The Love Affair

Originally she was called “The Black Lady” but over time she became known more simply as “the SA” or, when greater formality was needed, “The Airy Coupe”. She is a one-off MG; a 1937 SA model with unique Australian coachwork.

Her first owner was a young Australian dentist named Dr William Airy. As his career developed, William decided that he needed a doctor’s coupe-style of car, but it had to be an MG.

The Doc, as he was known by his motoring friends, was a keen motor racing fan and MG enthusiast, well-known at the race tracks around Melbourne on weekends cheering on the Q, K, P, N and L-types. As far as The Doc was concerned, an MG was definitely the car to own.

The large and elegant MG Two-Litre (SA) was selling well in 1937, and was a state-of-the-art sports saloon, ideal for what The Doc wanted. Unfortunately, no fixed-head coupe was offered by MG, so William Airy arranged for the Melbourne MG agents, Lanes Motors, to import an SA chassis from the factory in England and commission Melbourne coachbuilders Martin and King to do the rest.

As was common for the day, the car (SA1787) came from England complete with everything except the body: the chassis and running gear, plus the bonnet, running boards, mudguards and all lighting and electrical equipment.

So the finished car is all standard MG SA from the front bumper back to the windscreen, but Martin and King from there on. Dr Airy’s car was black, beautiful and turned heads wherever it went. It still does! In 1937 it was stunning. It still is.

How could a young MG man not fall in love! Certainly not The Doc, who owned and loved the stylish coupe for the next quarter of a century, until he died in 1961. And certainly not me. I bought the Airy Coupe in 1975 and I’m still in love with her 40 years later.

In 1975, as a moderately young man (I was 29 at the time), I was still driving my first MG; a 1954 TF1500 that I had bought as a university student, eight years earlier, to replace my aging Morris Minor.

But I was on the downhill run to family responsibility with the need for a proper sedan car with four doors and room for children, and I was leaning towards Jaguar and Riley saloons; both eminently stylish in a British sort of way, yet with that practicality we family men need.

I was on the verge of buying one, or maybe both, when I was saved by the coincidence of attending an MG Car Club concours event in Melbourne on the same day that the Airy Coupe made one of its then rare public appearances. Better still, the then owner Kevin Ireland had decided to sell it, and had placed a discrete note on the windscreen.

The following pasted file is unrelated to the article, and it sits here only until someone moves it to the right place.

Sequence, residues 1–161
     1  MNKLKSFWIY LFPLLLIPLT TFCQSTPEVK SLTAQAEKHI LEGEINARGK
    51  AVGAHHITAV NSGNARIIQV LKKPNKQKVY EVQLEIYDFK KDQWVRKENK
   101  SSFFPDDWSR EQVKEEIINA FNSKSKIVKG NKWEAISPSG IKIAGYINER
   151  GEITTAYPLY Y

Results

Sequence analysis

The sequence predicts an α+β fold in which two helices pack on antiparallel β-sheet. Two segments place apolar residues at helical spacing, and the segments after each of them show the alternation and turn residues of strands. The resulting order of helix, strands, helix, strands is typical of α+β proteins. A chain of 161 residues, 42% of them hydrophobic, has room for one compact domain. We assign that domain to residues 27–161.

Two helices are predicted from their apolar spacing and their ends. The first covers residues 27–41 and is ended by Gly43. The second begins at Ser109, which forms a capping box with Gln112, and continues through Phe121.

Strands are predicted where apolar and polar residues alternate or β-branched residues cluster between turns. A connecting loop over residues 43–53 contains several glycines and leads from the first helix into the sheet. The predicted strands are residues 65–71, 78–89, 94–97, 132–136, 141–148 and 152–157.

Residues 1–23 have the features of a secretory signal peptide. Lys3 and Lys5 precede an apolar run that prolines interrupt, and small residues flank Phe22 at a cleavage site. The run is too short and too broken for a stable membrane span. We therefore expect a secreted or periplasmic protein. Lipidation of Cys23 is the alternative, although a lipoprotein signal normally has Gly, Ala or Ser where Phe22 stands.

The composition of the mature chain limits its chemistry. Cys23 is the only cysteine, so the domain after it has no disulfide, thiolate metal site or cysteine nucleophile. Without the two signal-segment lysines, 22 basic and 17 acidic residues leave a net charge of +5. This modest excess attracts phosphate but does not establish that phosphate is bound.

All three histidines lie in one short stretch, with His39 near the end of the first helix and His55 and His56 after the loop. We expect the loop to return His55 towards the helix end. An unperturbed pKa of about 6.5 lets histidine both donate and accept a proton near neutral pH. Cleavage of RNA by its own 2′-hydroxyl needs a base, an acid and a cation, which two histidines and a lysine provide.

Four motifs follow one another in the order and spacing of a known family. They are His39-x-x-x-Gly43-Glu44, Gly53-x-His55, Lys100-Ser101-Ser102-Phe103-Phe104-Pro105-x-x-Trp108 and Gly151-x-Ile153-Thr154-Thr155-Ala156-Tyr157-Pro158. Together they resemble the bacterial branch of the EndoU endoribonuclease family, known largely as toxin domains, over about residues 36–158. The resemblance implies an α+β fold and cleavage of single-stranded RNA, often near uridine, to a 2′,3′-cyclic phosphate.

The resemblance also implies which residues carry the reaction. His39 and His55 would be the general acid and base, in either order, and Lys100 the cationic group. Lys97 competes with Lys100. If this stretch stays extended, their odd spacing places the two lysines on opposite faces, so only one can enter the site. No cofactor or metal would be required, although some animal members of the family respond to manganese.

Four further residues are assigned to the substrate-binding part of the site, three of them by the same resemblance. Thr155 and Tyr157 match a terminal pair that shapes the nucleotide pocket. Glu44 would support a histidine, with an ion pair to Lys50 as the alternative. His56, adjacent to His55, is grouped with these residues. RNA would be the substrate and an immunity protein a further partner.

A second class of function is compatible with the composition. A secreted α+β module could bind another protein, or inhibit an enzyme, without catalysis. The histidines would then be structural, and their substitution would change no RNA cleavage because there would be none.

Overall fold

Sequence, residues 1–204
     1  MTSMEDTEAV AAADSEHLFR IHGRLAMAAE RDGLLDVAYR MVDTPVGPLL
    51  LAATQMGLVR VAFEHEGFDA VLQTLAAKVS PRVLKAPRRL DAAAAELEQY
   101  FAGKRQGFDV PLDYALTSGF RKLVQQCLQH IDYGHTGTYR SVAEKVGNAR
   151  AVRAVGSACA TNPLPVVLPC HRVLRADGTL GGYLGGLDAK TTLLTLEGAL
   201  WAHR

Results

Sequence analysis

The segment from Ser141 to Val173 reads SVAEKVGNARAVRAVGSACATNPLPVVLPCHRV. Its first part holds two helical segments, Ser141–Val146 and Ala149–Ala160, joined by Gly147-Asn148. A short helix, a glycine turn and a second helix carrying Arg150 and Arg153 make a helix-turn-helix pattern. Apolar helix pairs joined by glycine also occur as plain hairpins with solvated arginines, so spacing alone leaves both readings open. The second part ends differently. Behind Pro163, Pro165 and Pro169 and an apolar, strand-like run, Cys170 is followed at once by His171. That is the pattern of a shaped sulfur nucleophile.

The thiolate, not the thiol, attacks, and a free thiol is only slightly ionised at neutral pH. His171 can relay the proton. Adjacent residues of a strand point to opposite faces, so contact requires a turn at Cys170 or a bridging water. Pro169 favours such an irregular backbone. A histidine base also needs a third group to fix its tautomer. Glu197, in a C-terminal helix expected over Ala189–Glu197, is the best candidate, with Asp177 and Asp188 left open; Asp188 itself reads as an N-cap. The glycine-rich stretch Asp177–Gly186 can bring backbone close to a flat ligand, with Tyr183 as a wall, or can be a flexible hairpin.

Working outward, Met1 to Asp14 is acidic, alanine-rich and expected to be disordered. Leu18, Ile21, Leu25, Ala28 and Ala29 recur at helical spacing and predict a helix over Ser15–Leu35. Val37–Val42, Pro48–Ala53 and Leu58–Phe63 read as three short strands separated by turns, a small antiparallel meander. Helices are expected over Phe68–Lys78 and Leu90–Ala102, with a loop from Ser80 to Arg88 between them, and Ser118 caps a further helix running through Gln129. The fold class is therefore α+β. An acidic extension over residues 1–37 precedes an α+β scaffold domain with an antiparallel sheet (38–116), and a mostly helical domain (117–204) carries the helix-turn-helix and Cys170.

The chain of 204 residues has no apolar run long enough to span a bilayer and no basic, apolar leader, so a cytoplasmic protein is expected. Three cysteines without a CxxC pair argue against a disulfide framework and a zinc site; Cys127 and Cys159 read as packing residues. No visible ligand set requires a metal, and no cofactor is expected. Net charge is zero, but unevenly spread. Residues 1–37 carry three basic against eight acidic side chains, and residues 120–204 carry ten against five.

Between The Doc and Kevin there were two other owners who enjoyed this beauty, but neither for any great length of time. After William Airy’s death in 1961, the MG was purchased from his estate by a colleague, Ian Perrin.

In 1964, Perrin first lent, but then sold, the car to a young university student, Michael Velik. In January 1969 Michael sold it to Kevin Ireland.

The rest, as they say, is history. The Black Lady became mine in 1975. She was old and tired, had 88,000 hard Australian miles under her elegant belt, and was desperate for some fresh paint and some mechanical tender loving care. Her tough Aussie leather upholstery was crying out for some hide food.

Yet she was undeniably proud, her tall radiator and gleaming ten-inch headlamps stood head and shoulders above every other MG on display and, to my eye, out-shone any Jaguar or Riley by a clear mile.

In the last 40 years we have come to know each other intimately and like all good relationships our love has matured based on respect for what we can offer each other.

She has been freshened up with new paint (now old), an engine rebuild (still going strong), several gearbox refurbishments (she has an appetite for third gears), and sympathetic attention to many other cosmetic and mechanical details. Never a full restoration though; I love her originality and her gorgeous patina of age.

For my part, she has taken me faithfully through another 80,000 miles travelling, including one memorable holiday of 8,000 miles touring through England and Europe with partner and child on board. She and I have visited most capital cities in Australia, she has been part of my three children’s entire lives and taken two of them so far to their weddings, and she has provided untold daily adventure and excitement. She is a big part of who I am.

Like with the Doc, I’m sure we will be together till the end…

But you may be wondering how and where does this car fit into the MG story.

To read the rest of this story grab your copy of the magazine from your local newsagent, subscribe today, or download a digital copy.


The BMC Experience Issue 21. Apr-Jun 2017 Magazine

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